Editorial: Earth Day celebrates 50 years — right now we are using less and walking more. Let’s keep it up.
Earth Day is an annual, globally celebrated event that asks people to think about and environmentally respect the world we live in.
To honor the 50th anniversary of the first Earth Day, Wednesday April 22, Darien green organizations have offered several suggestions for individuals and families to celebrate, given the town, nation and the world are fighting the coronavirus pandemic (See Page A1). While we can’t gather for cleanups and trail sprucing, we can all do our own part.
The first Earth Day took place in 1970 and was organized by Gaylord Nelson, a former Wisconsin senator, in an effort to raise awareness about water and air pollution. On the first Earth Day, 20 million Americans participated in voicing their concerns and raising awareness about environmental concerns, including oil spills, toxic dumps and endangered animals.
The first international Earth Day took place in 1990, with 200 million people from 141 countries discussing the importance of preserving the environment and thinking of ways to actively protect the environment.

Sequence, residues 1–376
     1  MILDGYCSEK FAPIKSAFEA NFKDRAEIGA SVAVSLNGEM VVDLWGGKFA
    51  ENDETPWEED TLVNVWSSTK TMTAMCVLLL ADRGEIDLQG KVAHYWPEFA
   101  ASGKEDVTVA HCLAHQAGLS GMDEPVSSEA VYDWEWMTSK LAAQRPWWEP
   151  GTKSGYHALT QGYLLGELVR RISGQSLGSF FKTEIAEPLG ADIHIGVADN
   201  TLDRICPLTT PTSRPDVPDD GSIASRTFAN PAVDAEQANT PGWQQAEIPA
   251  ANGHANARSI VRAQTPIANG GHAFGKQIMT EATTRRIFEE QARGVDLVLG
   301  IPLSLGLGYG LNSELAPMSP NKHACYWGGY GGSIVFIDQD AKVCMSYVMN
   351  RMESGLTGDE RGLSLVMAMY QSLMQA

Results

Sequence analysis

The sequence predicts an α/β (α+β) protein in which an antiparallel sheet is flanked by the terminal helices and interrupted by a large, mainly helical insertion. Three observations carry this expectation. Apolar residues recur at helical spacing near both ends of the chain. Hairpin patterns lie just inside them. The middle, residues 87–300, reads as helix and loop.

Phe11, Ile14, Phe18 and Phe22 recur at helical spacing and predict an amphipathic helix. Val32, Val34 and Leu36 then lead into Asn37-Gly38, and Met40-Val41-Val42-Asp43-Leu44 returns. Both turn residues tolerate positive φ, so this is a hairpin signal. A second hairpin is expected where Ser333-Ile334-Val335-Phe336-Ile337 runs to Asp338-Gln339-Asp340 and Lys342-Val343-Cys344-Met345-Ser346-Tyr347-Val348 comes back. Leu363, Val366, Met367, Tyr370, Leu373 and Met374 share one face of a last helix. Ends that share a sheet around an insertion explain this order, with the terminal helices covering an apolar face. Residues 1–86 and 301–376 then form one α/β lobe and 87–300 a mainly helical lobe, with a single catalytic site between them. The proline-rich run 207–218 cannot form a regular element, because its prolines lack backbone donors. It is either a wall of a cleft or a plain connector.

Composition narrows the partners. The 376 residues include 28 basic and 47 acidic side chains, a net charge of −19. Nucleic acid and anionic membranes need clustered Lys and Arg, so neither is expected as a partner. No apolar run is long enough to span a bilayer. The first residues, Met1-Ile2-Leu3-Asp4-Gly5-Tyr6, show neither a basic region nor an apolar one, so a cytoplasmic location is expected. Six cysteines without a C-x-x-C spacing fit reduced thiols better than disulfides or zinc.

Since the establishment of Earth Day, people have put forth the effort to make sustainable and environmentally beneficial changes. In the United States, government officials enacted the Clean Air and Water acts as well as the Endangered Species Act. People are using cleaner alternatives to oil and are recycling.
One of the very few positives in this terrible time of fighting the pandemic, having our certainty turned uncertain, and having to social distance, might be the benefit of the planet. We are more than likely driving less, shopping less, taking the train less, and probably producing less garbage. Instead, we are likely taking more time outdoors — walking or biking — and appreciating nature. Or we might be taking the time at home to spring clean, simplify, declutter and recycle.
Perhaps those lessons of simplicity and living with less are ones we can bring with us into the hopefully soon return to normalcy. We might be taking our time to walk instead of drive — to wear what we have on instead of shop — and to grow our own vegetables versus an unnecessary run to the grocery store. All of this can help celebrate Earth Day.
Another important aspect of Earth Day is remembering we are not its only inhabitants. This is the time of year when many baby animals can be spotted — and sometimes mistaken for abandoned. Use caution and give these animal families their space.
Remember that you can do something to protect the environment every day of the year, not just on Earth Day — this year, more than ever.